The Current for Jan. 22, 2021
Today on The Current:
From extra screen time to missing out on sports, many parents are wondering what life in lockdown spells for their kids' physical and mental health. For those answers, and advice about how to support young people during these difficult times, we speak with pediatrician and infectious disease specialist Dr. Anna Banerji, and Dr. Tina Montreuil, an assistant professor of educational and counselling psychology at McGill University.
Then, Gov. Gen. Julie Payette and her secretary, Assunta di Lorenzo, are stepping down from their roles after a scathing review found they presided over a toxic work environment. The CBC's Ashley Burke and Rosemary Barton bring us the latest on that story.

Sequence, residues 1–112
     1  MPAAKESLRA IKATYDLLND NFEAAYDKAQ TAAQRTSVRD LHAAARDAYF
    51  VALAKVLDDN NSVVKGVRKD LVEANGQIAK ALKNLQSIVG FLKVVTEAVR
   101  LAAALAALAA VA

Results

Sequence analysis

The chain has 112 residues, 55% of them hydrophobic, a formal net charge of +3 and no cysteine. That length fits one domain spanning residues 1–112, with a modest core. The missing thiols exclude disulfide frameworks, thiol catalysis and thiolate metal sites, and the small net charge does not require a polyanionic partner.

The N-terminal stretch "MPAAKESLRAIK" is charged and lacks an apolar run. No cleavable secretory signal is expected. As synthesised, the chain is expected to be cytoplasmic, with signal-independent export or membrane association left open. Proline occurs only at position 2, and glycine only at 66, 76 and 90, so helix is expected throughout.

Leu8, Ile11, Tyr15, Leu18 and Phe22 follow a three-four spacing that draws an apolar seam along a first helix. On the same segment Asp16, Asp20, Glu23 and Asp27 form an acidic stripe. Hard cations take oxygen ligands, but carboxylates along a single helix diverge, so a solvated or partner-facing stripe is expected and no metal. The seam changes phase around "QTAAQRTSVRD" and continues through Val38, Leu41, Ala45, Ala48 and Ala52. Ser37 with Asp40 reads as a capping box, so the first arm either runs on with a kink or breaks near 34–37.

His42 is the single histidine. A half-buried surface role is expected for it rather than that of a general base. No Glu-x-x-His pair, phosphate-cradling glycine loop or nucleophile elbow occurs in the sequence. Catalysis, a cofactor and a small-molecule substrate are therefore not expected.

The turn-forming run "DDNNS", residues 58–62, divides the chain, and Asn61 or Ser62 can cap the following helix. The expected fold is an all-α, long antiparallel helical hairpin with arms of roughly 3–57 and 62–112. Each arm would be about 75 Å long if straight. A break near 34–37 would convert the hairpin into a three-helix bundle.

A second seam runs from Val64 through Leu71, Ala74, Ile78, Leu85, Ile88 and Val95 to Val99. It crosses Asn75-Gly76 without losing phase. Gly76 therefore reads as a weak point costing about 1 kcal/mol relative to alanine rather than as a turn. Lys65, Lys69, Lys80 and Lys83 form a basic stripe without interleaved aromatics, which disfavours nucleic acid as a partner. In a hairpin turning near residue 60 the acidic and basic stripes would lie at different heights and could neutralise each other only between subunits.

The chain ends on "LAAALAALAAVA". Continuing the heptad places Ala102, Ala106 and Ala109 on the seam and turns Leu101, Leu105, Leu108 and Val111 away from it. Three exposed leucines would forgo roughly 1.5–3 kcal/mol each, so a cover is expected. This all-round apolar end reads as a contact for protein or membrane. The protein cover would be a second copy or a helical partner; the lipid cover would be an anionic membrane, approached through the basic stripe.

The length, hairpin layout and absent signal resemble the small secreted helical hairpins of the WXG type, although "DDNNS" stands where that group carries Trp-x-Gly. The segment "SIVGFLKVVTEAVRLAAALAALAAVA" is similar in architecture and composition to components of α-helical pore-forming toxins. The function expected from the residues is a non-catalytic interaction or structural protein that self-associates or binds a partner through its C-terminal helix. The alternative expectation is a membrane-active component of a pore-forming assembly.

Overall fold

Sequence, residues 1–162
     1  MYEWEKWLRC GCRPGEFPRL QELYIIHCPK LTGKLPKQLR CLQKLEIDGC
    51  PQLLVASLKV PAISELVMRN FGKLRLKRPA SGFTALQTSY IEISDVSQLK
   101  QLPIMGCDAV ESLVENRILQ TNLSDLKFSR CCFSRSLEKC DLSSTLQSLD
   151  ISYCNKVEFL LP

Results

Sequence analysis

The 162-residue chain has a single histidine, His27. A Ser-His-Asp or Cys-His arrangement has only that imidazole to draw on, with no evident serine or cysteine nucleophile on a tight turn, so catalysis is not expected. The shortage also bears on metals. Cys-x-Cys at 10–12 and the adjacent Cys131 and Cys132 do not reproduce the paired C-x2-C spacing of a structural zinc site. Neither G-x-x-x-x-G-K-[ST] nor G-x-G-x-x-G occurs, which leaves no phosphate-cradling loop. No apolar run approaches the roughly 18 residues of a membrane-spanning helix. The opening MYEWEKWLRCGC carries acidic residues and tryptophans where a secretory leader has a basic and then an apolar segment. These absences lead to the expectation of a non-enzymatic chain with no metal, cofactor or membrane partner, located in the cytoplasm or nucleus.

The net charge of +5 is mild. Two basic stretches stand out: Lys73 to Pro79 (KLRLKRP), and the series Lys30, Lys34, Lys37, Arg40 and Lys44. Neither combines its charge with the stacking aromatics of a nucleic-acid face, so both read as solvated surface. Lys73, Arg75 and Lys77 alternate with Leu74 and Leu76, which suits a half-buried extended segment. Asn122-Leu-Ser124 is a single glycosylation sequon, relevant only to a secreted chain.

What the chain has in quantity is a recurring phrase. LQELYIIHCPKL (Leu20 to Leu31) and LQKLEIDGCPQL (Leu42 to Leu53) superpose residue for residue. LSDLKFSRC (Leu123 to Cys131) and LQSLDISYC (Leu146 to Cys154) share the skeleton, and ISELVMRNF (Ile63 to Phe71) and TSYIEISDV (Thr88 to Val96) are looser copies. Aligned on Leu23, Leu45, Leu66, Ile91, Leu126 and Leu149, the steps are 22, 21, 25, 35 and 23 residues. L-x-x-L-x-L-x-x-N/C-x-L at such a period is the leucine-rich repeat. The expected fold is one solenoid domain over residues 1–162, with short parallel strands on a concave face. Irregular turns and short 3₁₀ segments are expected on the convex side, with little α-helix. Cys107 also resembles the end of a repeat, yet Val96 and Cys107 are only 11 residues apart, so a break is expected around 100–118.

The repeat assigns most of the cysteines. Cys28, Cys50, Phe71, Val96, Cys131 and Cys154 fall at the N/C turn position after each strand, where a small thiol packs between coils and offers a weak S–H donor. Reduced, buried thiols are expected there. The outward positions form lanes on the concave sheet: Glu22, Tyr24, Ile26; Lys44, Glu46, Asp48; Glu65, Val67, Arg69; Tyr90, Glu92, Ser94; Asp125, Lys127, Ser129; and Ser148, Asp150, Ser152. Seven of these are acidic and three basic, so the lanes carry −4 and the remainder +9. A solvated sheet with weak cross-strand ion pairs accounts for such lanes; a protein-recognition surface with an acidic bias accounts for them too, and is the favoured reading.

And the death of a homeless man in Montreal over the weekend has advocates questioning public health policies, as shelters face pressure to reduce capacity, and Quebec's pandemic curfew continues. Raphaël André's death is sparking calls for change in how the province enforces lockdown measures. Jonathan Lebire, shelter coordinator for Projets Autochtones du Québec in Montreal, and James Hughes, CEO and president of the Old Brewery Mission, weigh in.
Plus, 10 years ago the self-immolation of a modest fruit seller in Tunisia lit the match that sparked the Arab Spring. A generation of young people experienced a political awakening during that time, but how much of the movement's spirit lives on today? Political science professor at Waterloo University and senior fellow with the Centre for International Governance Innovation Bessma Momani reflects on those answers. This is the first piece in a three-part series from The Current on the Arab Spring.